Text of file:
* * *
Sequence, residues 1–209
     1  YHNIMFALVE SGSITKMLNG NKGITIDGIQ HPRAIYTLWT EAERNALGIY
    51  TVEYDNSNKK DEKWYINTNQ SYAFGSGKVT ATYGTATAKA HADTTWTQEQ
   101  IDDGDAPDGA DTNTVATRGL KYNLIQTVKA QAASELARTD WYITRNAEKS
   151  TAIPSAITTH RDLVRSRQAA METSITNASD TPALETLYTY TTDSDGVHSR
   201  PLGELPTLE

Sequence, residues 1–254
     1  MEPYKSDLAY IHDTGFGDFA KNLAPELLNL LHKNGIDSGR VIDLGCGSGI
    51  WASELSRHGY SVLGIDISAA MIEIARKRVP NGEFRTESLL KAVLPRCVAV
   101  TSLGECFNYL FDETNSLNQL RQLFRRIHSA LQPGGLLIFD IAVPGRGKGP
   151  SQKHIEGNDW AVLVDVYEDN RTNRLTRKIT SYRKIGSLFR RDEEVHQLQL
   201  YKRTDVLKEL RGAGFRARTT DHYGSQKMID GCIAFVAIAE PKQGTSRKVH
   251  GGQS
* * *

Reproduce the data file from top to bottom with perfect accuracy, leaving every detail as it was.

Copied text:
Sequence, residues 1–209
     1  YHNIMFALVE SGSITKMLNG NKGITIDGIQ HPRAIYTLWT EAERNALGIY
    51  TVEYDNSNKK DEKWYINTNQ SYAFGSGKVT ATYGTATAKA HADTTWTQEQ
   101  IDDGDAPDGA DTNTVATRGL KYNLIQTVKA QAASELARTD WYITRNAEKS
   151  TAIPSAITTH RDLVRSRQAA METSITNASD TPALETLYTY TTDSDGVHSR
   201  PLGELPTLE

Sequence, residues 1–254
     1  MEPYKSDLAY IHDTGFGDFA KNLAPELLNL LHKNGIDSGR VIDLGCGSGI
    51  WASELSRHGY SVLGIDISAA MIEIARKRVP NGEFRTESLL KAVLPRCVAV
   101  TSLGECFNYL FDETNSLNQL RQLFRRIHSA LQPGGLLIFD IAVPGRGKGP
   151  SQKHIEGNDW AVLVDVYEDN RTNRLTRKIT SYRKIGSLFR RDEEVHQLQL
   201  YKRTDVLKEL RGAGFRARTT DHYGSQKMID GCIAFVAIAE PKQGTSRKVH
   251  GGQS